A year ago, right after German chancellor Angela Merkel made the historic decision to open Germany’s border for unregistered refugees stuck in Hungary and Austria, thousands of ordinary Germans stood at train stations all over the country to welcome them to the end of their very long journeys to escape the carnage of war in Iraq, Syria or Afghanistan.
“We can do this!,” Merkel had said.
But in the United States, it seems to me, many people are skeptical of that. Since coming to Miami in August, I frequently get asked these two questions: “Has Merkel done the right thing?” and “What about all the Muslims coming into the country?” Germany has almost become synonymous with a perceived security risk attached to migration.
The only risk for me was gaining two new friends.
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Yara and Houmam, a young couple from Salamia in central Syria, moved into our home in October 2015. A friend introduced the couple to me and my housemate Michael. Before they stepped into our flat in an old Berliner building on a cold Tuesday night, we knew very little about them. We worried if they would find it OK to share a flat with a single man and a single woman who were just friends? And what about the left-over alcohol in the kitchen from the housewarming party?
Houmam had long loose hair and tired eyes; Yara wore a red bandana wrapped around her dyed curly hair that was pulled into a pony tail and bright lipstick. They had arrived in Berlin a few weeks earlier.
Houmam, 25, a tourism student, had walked the infamous Balkan route first; Yara, 21, who studied economics, had followed. They were atheists and had organized peaceful protests in their hometown, but after Houmam had been imprisoned for a fourth time, they decided it was time to leave.
Michael and I were enthusiastic about helping them make Berlin their home. We invited them to tag along to parties and offered to introduce them to people who might help them find a job, but they usually declined our offers. Houmam barely spoke any other language than Arabic; Yara translated most of our exchanges in simple English. From what she said, I figured they needed time to settle in.
Living with this Syrian couple taught me a lot about the trauma of fleeing one’s country. It took them several months to process that Germany would be the place where they would now have to rebuild their lives, as it is not likely that they will be able to return to Syria in the near future. Here were two activists who had spent the past four years fighting peacefully for a democratic Syria. But all they had envisioned for their own country — freedom of expression, equal rights — was buried under the rubble of a terrible war.
Whenever there are loud noises, Houmam still cringes. Same thing when he sees uniformed policemen. I had to tell them that the police in Germany can actually be called for protection.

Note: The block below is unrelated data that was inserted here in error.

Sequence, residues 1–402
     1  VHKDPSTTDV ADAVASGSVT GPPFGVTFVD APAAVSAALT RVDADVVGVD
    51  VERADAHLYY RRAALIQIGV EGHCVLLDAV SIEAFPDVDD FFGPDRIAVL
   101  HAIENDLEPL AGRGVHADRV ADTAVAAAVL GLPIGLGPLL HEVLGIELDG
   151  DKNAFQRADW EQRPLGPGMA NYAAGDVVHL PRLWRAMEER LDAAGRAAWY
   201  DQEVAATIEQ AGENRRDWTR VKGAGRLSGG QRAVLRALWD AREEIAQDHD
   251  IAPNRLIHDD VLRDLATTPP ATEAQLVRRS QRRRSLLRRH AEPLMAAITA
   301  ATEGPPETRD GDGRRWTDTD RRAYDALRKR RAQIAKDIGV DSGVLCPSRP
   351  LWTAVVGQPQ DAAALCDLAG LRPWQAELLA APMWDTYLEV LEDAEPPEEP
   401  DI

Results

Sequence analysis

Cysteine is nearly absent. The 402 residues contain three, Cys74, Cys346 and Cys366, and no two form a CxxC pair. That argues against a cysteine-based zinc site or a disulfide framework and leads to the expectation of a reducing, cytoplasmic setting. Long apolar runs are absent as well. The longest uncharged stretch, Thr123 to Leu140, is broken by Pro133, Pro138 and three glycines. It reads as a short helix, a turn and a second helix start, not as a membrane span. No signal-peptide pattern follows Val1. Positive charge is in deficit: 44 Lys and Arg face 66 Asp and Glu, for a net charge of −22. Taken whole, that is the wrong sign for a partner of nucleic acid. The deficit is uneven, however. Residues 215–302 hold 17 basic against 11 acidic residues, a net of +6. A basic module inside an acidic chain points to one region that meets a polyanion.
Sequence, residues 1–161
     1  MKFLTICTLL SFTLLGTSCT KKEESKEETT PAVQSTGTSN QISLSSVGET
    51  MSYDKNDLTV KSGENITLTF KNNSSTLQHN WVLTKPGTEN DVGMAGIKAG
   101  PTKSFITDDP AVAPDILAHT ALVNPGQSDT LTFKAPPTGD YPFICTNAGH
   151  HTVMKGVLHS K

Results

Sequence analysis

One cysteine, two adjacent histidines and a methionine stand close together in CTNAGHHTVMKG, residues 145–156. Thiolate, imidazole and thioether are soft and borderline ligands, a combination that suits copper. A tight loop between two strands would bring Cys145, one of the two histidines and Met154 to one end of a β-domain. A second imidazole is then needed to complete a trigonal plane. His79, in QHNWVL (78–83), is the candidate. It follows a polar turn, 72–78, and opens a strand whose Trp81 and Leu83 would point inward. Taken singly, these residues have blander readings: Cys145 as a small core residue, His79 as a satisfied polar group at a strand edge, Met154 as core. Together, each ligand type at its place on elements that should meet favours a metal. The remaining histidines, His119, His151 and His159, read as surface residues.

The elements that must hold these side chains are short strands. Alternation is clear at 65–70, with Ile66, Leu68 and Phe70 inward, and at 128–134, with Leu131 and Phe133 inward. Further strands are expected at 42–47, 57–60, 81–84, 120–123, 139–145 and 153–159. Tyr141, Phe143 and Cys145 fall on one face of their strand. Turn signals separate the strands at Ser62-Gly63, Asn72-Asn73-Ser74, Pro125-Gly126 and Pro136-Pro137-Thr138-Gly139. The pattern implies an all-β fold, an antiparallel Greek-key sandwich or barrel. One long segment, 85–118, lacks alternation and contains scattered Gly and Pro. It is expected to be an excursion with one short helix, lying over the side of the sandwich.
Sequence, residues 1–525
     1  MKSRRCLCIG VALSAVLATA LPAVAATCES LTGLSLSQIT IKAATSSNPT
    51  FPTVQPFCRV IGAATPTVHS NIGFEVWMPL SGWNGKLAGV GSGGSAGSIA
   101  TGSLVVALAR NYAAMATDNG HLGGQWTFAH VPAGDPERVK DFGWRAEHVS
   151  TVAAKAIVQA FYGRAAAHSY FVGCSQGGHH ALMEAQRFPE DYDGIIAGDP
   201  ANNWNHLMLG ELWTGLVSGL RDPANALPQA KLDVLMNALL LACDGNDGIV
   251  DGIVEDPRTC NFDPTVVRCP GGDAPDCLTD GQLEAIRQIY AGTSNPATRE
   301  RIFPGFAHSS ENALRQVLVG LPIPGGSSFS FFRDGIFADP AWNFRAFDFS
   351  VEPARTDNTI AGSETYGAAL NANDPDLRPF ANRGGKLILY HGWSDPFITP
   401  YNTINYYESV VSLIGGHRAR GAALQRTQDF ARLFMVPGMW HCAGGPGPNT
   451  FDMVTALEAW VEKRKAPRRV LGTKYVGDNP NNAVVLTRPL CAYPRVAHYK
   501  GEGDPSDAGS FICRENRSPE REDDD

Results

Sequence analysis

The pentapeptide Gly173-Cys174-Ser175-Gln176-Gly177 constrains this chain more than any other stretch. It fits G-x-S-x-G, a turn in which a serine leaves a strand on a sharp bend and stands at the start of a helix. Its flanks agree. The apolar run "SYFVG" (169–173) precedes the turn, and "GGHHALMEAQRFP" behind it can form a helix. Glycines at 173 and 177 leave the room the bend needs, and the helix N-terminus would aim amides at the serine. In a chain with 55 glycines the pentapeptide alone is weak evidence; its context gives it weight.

The morning after ISIL’s Paris attacks in November 2015, I remember thinking: How will I talk about such a a horrible attack at the breakfast table with someone whose country is ravaged by the same breed of terrorists everyday?
Yara and Houmam responded to the atrocity by bringing flowers to the French embassy. They knew life in Germany would get more difficult for them.
Indeed, a year after German chancellor Merkel’s announcement, the enthusiasm of many Germans to welcome refugees has waned and instead, deeply entrenched racism and islamophobia has led to the extraordinary surge of a new right-wing party and a record number of arson attacks on refugee shelters.
There is still no comprehensive process in place to vet every refugee and provide them with swift asylum decisions. Shortcomings exist with regards to proper housing, language classes and, of course, jobs. Two terrorist acts have been committed by refugees in Germany in the year after Merkel’s historic decision.
Sometimes I am overwhelmed with the war and the suffering that has moved in together with Yara and Houmam. I am overwhelmed with being a guide through German bureaucracy, a coach for German daily life and it’s frequent rudeness, and sometimes being something like a big sister for them. I had to learn that housing two Syrians means having at least 10 Syrians over on weekends. Sometimes we argue about our no-smoking policy in the flat or about the dishes that are left dirty in the kitchen. But that’s what housemates do.
As a German citizen, I get upset by the way refugees are often portrayed in the U.S. After all, many are fleeing because of the political turmoil and security chaos left behind by the U.S. invasion of Iraq. I am astonished, that more than 70 years after the Holocaust, Germany is almost being reproached for taking responsibility in a humanitarian crisis.
It is a privilege to share a home with Houmam and Yara. I'm impressed how they take care of their Syrian friends and how they try to provide for their relatives left behind in war-torn Syria.
They taught me a lot about the essence of community.
Yara has learned German and can now entertain a simple conversation. Last month, Houmam finally received his German residence permit. As a journalist, it is my job to ask questions about how we will do this. As a citizen, I am convinced, that, indeed: We can.
Lena Kampf is an investigative journalist with the German daily Süddeutsche Zeitung and the public television stations NDR and WDR. She is in Miami as part of the Arthur F. Burns Fellowship program.